22. Mitchell PW (1979) The Structural analysis of footings on expansive soil. Kenneth W.G. Smith & Associates, NewtonGoogle Scholar
  23. Mitchell P (1984) A simple method of design of shallow footings on expansive soil. In: Institution of Engineers (ed) Fifth international conference on expansive soils, Adelaide, South Australia. The Institution, Barton, ACTGoogle Scholar
  24. Rajeev P, Kodikara J (2011) Numerical analysis of an experimental pipe buried in swelling soil. Comput Geotech 38:897–904CrossRefGoogle Scholar
  25. Rajeev P, Chan D, Kodikara J (2012) Ground–atmosphere interaction modelling for long-term prediction of soil moisture and temperature. Can Geotech J 49:1059–1073CrossRefGoogle Scholar
  26. Russam K, Coleman JD (1961) The effect of climatic factors on subgrade moisture conditions. Geotechnique 3:22–28CrossRefGoogle Scholar
  27. THE-AGE (2014) Thousands of suburban home owners facing financial ruin. http://www.theage.com.au/victoria/thousands-of-suburban-home-owners-facing-financial-ruin-20140607-39q4z.html. Accessed 10 June 2014
  28. UMS (2013) HYPROP—laboratory evaporation method for the determination of pF-curves and unsaturated conductivity. http://www.ums-muc.de/en/products/soil_laboratory/hyprop.html. Accessed 29 Aug 2013
  29. Vadose (2013) Vadose zone modeling with VADOSE/W. Geo-Slope International Ltd., CalgaryGoogle Scholar
  30. van Genuchten MT (1980) A Closed-form equation for predicting the hydraulic conductivity of unsaturated soils. Soil Sci Soc Am J 44:892–898CrossRefGoogle Scholar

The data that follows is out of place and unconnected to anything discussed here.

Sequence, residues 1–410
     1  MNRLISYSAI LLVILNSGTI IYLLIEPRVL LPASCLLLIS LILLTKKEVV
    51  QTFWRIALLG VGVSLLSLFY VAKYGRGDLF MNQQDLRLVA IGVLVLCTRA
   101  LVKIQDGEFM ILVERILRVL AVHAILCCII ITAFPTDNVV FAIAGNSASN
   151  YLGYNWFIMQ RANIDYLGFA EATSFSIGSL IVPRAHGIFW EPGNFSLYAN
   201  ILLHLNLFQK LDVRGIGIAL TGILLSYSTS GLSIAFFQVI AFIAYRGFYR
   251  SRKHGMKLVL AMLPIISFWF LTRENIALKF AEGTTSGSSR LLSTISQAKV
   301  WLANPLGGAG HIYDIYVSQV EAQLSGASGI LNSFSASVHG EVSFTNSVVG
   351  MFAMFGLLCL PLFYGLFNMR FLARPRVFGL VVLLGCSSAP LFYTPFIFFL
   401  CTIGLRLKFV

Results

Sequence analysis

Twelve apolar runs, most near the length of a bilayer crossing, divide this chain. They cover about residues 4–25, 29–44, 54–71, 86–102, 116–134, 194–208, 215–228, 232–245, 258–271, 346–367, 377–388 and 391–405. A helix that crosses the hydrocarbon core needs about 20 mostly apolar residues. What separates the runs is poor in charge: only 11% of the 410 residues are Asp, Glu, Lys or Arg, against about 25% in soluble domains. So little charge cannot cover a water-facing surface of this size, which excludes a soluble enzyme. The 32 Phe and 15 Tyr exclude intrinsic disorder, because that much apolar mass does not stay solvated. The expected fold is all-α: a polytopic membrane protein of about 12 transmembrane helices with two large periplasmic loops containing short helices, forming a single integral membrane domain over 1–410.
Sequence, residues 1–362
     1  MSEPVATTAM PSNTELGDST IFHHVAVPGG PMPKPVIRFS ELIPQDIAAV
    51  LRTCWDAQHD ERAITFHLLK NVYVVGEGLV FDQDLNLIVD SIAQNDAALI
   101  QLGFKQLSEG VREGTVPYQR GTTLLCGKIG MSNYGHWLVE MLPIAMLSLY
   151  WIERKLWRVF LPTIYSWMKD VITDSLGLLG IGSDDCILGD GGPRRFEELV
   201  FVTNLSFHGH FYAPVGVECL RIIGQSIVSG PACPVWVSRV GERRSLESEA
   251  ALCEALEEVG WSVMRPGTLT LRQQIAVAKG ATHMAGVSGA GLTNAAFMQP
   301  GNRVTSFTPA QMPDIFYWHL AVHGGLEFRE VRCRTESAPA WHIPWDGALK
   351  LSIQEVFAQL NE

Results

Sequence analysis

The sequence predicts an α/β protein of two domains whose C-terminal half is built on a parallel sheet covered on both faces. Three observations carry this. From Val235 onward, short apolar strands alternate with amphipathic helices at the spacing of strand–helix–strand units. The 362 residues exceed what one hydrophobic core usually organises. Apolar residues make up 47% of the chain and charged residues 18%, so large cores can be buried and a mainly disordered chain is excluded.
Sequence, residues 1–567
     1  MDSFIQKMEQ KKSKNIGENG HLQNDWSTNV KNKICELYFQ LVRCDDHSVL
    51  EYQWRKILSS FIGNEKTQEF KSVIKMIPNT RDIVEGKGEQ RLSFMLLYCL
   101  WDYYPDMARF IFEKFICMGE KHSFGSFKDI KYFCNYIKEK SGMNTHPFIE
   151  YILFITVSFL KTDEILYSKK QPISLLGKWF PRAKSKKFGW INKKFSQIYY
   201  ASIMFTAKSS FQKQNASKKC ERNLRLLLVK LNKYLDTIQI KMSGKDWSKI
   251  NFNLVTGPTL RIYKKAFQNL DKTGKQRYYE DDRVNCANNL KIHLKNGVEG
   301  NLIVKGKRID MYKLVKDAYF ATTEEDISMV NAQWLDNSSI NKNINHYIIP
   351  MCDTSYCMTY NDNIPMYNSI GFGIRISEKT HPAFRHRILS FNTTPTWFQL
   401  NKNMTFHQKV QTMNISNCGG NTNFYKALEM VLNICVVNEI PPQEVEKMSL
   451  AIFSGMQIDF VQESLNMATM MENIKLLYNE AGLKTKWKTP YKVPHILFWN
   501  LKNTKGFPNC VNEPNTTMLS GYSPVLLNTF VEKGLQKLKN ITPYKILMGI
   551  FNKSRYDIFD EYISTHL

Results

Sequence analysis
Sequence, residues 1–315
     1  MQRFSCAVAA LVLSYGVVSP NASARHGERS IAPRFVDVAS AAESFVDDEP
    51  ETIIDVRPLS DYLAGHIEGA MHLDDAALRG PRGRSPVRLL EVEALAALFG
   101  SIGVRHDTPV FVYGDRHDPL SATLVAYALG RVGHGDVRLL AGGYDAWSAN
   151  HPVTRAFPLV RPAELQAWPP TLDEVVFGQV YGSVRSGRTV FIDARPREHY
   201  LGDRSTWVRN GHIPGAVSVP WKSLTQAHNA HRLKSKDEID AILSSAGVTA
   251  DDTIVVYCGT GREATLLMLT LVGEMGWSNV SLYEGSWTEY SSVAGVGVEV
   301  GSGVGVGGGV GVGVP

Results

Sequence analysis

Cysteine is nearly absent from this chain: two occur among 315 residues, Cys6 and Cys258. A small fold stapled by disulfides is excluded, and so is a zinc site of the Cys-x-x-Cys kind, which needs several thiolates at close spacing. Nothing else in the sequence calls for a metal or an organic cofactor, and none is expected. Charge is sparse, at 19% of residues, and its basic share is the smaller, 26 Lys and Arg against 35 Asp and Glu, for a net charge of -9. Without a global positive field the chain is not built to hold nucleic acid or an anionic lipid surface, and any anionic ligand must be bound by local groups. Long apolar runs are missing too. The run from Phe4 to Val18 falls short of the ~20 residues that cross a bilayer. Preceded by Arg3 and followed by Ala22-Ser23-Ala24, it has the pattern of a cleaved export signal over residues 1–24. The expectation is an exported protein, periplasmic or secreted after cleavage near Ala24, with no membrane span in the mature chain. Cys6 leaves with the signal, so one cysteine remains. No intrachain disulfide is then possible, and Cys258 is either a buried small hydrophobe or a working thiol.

31. Vu HQ, Fredlund DG (2004) The prediction of one-, two-, and three-dimensional heave in expansive soils. Can Geotech J 41:713–737CrossRefGoogle Scholar
  32. Wilson GW (1990) Soil evaporative fluxes for geotechnical engineering problems. PhD thesis, University of SaskatchewanGoogle Scholar
  33. Wray WK (1997) Using soil suction to estimate differential soil shrink or heave. In: Proceedings of unsaturated soil engineering practice. Geotechnical special publication no. 68. ASCEGoogle Scholar
  34. Wray WK (1998) Mass transfer in unsaturated soils: a review of theory and practices. In: Proceedings of the 2nd international conference on unsaturated soils, Beijing, China, pp 99–155Google Scholar
  35. Wray WK (2005) Three-dimensional model for moisture and volume changes prediction in expansive soils. J Geotech Geoenvironmental Eng 131:311–324CrossRefGoogle Scholar

Copyright information

© Springer International Publishing AG, part of Springer Nature 2018

Authors and Affiliations

  • A. M. A. N. Karunarathne
    • 1
  • M. Fardipour
    • 1
  • E. F. Gad
    • 1
  • P. Rajeev
    • 1
  • M. M. Disfani
    • 2
  • S. Sivanerupan
    • 3
  • J. L. Wilson
    • 1
  1. 1.Swinburne University of TechnologyHawthornAustralia
  2. 2.University of MelbourneMelbourneAustralia
  3. 3.Powercor Network ServicesMelbourneAustralia

Personalised recommendations